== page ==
Five patients with severe chronic obstructive pulmonary disease (COPD) underwent detailed evaluation of pulmonary function (PF), respiratory mechanics and hemodynamics before and after 18 wk of physical training (PT). PT consisted of daily progressive upright bicycle exercise. All patients demonstrated marked subjective and objective improvement in exercise tolerance. After PT exercise heart rates were significantly decreased. (p < .05). Standard PF tests were unchanged following PT. Assessment of pulmonary mechanics revealed that specific and static compliance which were increased before training decreased modestly after PT. Dynamic compliance was reduced before training and was not altered by physical conditioning. Oxygen consumption at rest and during a standardized exercise period decreased after PT (p < .05). Cardiac output, left and right heart pressures, resistances and ventricular stroke work were unchanged after PT. Systemic arteriovenous oxygen differences during exercise decreased after PT (91 ± 23 to 74 ± 21 ml/L; p < .01) secondary to a rise in mixed venous content. Increased exercise tolerance after PT in patients with COPD is probably due to increased efficiency of exercising or of respiratory muscles or both. Cardiopulmonary functions are essentially unaltered by physical conditioning.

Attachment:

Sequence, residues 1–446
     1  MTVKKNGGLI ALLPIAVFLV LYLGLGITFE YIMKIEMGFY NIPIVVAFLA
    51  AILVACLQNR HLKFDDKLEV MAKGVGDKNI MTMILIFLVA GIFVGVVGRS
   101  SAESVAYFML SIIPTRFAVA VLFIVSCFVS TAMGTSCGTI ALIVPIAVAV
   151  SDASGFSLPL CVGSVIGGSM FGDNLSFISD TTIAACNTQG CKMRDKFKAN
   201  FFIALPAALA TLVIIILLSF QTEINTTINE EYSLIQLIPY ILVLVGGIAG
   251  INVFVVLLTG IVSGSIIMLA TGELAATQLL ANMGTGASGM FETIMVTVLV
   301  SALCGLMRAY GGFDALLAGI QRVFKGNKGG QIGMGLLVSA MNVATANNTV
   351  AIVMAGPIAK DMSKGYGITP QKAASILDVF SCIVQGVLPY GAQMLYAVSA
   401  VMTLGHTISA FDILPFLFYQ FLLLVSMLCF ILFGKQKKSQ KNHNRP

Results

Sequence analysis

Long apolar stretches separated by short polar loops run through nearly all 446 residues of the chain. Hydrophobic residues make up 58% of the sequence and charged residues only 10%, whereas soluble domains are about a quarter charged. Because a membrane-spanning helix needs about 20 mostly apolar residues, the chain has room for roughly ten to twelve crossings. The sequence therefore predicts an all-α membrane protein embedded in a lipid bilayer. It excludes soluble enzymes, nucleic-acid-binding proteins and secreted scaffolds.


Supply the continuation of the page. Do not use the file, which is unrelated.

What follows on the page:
ASJC Scopus subject areas
- Pulmonary and Respiratory Medicine
- Critical Care and Intensive Care Medicine
- Cardiology and Cardiovascular Medicine